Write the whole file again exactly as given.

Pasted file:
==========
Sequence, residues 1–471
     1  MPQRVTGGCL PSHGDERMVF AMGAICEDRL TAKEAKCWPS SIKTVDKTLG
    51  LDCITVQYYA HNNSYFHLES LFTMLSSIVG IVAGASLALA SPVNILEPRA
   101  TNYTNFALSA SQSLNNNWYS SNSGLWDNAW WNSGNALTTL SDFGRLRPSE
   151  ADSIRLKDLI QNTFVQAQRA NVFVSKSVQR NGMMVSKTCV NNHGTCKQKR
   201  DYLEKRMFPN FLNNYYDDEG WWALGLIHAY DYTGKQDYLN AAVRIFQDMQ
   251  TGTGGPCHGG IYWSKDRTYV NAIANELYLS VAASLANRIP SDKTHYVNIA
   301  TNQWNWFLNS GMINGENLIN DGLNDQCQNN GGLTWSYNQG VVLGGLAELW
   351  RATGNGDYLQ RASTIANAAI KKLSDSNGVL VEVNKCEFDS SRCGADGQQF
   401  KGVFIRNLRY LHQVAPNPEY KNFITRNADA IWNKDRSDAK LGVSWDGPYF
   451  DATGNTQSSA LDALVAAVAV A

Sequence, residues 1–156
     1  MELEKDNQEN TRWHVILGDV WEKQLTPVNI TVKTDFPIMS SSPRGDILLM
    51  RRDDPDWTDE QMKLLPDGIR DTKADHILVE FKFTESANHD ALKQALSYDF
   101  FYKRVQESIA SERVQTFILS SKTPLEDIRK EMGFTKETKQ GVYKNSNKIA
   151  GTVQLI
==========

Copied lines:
Sequence, residues 1–471
     1  MPQRVTGGCL PSHGDERMVF AMGAICEDRL TAKEAKCWPS SIKTVDKTLG
    51  LDCITVQYYA HNNSYFHLES LFTMLSSIVG IVAGASLALA SPVNILEPRA
   101  TNYTNFALSA SQSLNNNWYS SNSGLWDNAW WNSGNALTTL SDFGRLRPSE
   151  ADSIRLKDLI QNTFVQAQRA NVFVSKSVQR NGMMVSKTCV NNHGTCKQKR
   201  DYLEKRMFPN FLNNYYDDEG WWALGLIHAY DYTGKQDYLN AAVRIFQDMQ
   251  TGTGGPCHGG IYWSKDRTYV NAIANELYLS VAASLANRIP SDKTHYVNIA
   301  TNQWNWFLNS GMINGENLIN DGLNDQCQNN GGLTWSYNQG VVLGGLAELW
   351  RATGNGDYLQ RASTIANAAI KKLSDSNGVL VEVNKCEFDS SRCGADGQQF
   401  KGVFIRNLRY LHQVAPNPEY KNFITRNADA IWNKDRSDAK LGVSWDGPYF
   451  DATGNTQSSA LDALVAAVAV A

Sequence, residues 1–156
     1  MELEKDNQEN TRWHVILGDV WEKQLTPVNI TVKTDFPIMS SSPRGDILLM
    51  RRDDPDWTDE QMKLLPDGIR DTKADHILVE FKFTESANHD ALKQALSYDF
   101  FYKRVQESIA SERVQTFILS SKTPLEDIRK EMGFTKETKQ GVYKNSNKIA
   151  GTVQLI